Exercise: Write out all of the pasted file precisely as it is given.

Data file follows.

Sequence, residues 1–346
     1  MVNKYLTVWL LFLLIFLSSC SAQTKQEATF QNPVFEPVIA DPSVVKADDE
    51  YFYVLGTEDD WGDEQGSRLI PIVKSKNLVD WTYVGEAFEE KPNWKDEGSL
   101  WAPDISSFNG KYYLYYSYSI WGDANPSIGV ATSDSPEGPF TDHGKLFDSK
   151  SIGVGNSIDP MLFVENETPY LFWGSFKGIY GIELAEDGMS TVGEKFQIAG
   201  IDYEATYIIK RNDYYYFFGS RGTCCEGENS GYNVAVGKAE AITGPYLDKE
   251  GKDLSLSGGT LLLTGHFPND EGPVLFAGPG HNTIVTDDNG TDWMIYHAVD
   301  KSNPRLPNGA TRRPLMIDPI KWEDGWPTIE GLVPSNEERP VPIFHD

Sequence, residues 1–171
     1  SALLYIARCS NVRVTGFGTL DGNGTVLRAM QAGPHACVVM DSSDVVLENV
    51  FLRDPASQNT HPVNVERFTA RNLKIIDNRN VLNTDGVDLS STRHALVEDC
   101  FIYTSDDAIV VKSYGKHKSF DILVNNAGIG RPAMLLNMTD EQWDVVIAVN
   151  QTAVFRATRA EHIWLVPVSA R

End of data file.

Sequence, residues 1–346
     1  MVNKYLTVWL LFLLIFLSSC SAQTKQEATF QNPVFEPVIA DPSVVKADDE
    51  YFYVLGTEDD WGDEQGSRLI PIVKSKNLVD WTYVGEAFEE KPNWKDEGSL
   101  WAPDISSFNG KYYLYYSYSI WGDANPSIGV ATSDSPEGPF TDHGKLFDSK
   151  SIGVGNSIDP MLFVENETPY LFWGSFKGIY GIELAEDGMS TVGEKFQIAG
   201  IDYEATYIIK RNDYYYFFGS RGTCCEGENS GYNVAVGKAE AITGPYLDKE
   251  GKDLSLSGGT LLLTGHFPND EGPVLFAGPG HNTIVTDDNG TDWMIYHAVD
   301  KSNPRLPNGA TRRPLMIDPI KWEDGWPTIE GLVPSNEERP VPIFHD

Sequence, residues 1–171
     1  SALLYIARCS NVRVTGFGTL DGNGTVLRAM QAGPHACVVM DSSDVVLENV
    51  FLRDPASQNT HPVNVERFTA RNLKIIDNRN VLNTDGVDLS STRHALVEDC
   101  FIYTSDDAIV VKSYGKHKSF DILVNNAGIG RPAMLLNMTD EQWDVVIAVN
   151  QTAVFRATRA EHIWLVPVSA R